On Wednesday, the Dutch government announced that it was examining accusations that Chinese law enforcement agencies operate unlawfully in the Netherlands without Dutch knowledge or approval in order to regulate Chinese residents abroad.
The Chinese embassy in the Netherlands stated that it was unaware and not involved with the offices referred to in the claims.
The Chinese embassy in the Netherlands stated that it was unaware and not involved with the offices referred to in the claims. It stated, “China’s judicial and law enforcement authorities strictly abide by international laws and fully respect the judicial sovereignty of other countries.
The discussion occurred after the Dutch broadcaster RTL Nieuws and the investigative journalism organization Follow the Money published a story on Tuesday regarding two Chinese operations established in Amsterdam and Rotterdam apart from the country’s embassy and consulates.
The Dutch government did not expressly confirm the offices’ existence. However, it was never told about them, which would make them illegal, according to Maxime Hovenkamp, a spokesperson for the Dutch Ministry of Foreign Affairs, who said the development is really worrying for the Dutch government.
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The study adds to the growing body of evidence that the Chinese government is establishing overseas operations to frighten and monitor Chinese nationals. The Canadian government announced on Wednesday that it is examining similar Chinese operations in Canada, saying that it takes threats to the security of Canadian citizens “extremely seriously.”
Laura Harth, campaign director for Safeguard Defenders, a human rights organization whose own report last month on the stations in the Netherlands prompted the Dutch news media investigation, stated that “This is really part of a growing transnational campaign to instill the same regime of political terror inside China across the world,” The group asserts that Chinese police agencies have built dozens of overseas operations, including in New York, Paris, London, Madrid, and Toronto.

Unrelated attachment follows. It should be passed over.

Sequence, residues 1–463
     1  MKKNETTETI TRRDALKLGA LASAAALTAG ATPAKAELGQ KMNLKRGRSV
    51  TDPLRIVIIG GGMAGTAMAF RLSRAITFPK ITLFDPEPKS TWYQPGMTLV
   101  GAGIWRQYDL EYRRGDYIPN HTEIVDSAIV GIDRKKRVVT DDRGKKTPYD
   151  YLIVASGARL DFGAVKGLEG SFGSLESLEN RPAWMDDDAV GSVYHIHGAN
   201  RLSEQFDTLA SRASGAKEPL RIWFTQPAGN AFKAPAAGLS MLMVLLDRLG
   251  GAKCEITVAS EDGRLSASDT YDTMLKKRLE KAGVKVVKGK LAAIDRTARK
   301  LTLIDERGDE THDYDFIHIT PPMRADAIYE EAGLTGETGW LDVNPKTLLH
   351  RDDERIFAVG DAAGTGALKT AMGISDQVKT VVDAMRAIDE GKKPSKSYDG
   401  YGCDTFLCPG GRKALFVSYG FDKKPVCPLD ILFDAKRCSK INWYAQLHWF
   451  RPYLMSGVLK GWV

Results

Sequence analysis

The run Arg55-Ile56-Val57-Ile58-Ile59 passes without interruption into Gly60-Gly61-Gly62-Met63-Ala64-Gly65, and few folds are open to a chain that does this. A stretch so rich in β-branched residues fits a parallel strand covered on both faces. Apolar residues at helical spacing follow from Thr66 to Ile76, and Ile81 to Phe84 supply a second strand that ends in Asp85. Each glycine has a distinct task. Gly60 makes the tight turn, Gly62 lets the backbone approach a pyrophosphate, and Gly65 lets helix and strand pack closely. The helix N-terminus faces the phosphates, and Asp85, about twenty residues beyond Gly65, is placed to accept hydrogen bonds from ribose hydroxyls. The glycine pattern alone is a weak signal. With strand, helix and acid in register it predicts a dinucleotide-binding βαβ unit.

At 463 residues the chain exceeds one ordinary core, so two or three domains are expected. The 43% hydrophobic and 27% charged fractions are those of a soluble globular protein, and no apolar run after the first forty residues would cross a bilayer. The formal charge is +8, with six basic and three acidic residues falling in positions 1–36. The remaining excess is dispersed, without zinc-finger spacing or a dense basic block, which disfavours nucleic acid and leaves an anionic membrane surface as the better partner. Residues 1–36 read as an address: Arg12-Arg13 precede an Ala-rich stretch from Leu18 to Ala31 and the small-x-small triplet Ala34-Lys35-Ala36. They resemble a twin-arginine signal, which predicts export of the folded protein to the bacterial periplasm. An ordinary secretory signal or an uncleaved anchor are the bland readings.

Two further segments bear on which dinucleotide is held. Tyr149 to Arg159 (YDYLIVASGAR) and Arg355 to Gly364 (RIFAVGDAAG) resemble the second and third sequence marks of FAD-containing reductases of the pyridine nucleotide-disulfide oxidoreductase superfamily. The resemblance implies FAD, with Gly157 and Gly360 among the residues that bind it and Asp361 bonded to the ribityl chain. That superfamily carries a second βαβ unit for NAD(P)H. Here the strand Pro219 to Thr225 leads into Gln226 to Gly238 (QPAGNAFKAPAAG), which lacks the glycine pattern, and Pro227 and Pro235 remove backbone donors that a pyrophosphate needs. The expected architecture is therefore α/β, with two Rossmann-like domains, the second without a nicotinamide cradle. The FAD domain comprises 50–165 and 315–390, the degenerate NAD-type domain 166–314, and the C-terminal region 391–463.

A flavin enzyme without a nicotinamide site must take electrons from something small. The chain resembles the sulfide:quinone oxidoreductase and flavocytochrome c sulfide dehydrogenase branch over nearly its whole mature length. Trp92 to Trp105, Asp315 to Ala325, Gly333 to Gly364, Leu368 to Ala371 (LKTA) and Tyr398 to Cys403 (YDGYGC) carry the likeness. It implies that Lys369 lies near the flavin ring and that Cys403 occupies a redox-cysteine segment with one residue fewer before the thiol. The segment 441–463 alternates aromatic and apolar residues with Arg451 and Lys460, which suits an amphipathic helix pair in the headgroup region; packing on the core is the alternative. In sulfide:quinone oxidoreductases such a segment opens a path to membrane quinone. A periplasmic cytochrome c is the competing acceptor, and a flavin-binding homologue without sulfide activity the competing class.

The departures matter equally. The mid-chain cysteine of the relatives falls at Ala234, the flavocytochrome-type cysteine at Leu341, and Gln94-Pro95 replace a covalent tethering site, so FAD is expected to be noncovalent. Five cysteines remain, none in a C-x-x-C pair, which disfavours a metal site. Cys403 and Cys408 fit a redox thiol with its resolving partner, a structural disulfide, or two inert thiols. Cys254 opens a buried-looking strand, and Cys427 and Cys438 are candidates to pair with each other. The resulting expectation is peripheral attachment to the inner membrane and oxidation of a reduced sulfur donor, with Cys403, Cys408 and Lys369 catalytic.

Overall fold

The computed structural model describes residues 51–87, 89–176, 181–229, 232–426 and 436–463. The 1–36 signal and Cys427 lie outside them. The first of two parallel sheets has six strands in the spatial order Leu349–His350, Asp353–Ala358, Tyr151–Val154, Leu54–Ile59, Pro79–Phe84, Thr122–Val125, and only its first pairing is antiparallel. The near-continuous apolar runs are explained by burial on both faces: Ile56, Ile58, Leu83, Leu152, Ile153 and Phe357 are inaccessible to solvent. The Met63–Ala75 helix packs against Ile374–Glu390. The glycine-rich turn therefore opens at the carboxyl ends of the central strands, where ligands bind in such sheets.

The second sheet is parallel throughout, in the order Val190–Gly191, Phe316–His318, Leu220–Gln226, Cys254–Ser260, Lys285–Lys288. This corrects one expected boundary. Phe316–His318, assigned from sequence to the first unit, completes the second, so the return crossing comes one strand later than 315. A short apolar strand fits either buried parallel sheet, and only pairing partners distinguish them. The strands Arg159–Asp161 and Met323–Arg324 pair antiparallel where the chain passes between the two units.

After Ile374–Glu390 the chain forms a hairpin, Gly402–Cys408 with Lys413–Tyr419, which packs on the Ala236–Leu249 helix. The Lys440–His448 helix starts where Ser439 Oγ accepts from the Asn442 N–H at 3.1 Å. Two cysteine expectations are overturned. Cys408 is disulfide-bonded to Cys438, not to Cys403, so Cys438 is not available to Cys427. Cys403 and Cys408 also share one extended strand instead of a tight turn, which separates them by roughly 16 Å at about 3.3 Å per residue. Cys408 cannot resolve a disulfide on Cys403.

These Chinese “service stations” have the dual purpose of assisting the Chinese diaspora abroad with administrative tasks such as passport renewals and bank deposits, as well as “resolutely cracking down on all kinds of illegal and criminal activities related to overseas Chinese people,” according to a statement from the Beijing government’s central political and legal affairs commission, which oversees the police.
But according to the Vienna Convention, an international deal signed by both China and the Netherlands, consulates are responsible for administrative concerns.
According to Safeguard Defenders and Dutch news reports, the police in the Eastern Chinese cities of Fuzhou and Lishui, where many members of the Chinese diaspora are from, supervise the stations in the Netherlands. According to news reports, the Amsterdam operation has existed since 2018, while the Rotterdam operation involves a former member of the Chinese military.
The group described a broader effort by the Chinese government to tackle alleged telecom and online fraud by pressing Chinese residents abroad to return home and face prosecution. From April 2021 until July of this year, 230,000 Chinese nationals were convinced to return to face criminal charges, according to state-run media.
According to rights groups, “persuasion to return” involves physically engaging individuals or their relatives in China, and the claimed offences might include political dissent.
Ms. Harth stated, that it is such a flagrant escalation and violation of territorial sovereignty and hope that democratic nations will coordinate their activities jointly.
Legislators in a number of nations, including the United States, Canada, the United Kingdom, and Australia, have expressed concern that the Chinese government is exerting pressure on Chinese nationals abroad, particularly political dissidents who have sought asylum in these nations.
According to Dutch press sources, at least one outspoken Chinese dissident has described feeling threatened by Chinese operatives claiming to be from overseas agencies.
Wang Jingyu, a political dissident who fled to the Netherlands after publicly criticizing the Chinese government online, reported receiving death threats for his support of democracy in Hong Kong.
In one incident earlier this year, Mr. Wang reported receiving a call from an individual purporting to be from the Chinese foreign office in Rotterdam, urging him to return to China and consider his parents.
Mr. Wang stated that he had reported the threats to the local Dutch police, but he still felt frightened.
“I’m afraid of the Chinese government,” he told RTL news, adding that he feared the government would send agents to kill him. “I don’t know in the future what they will do.”
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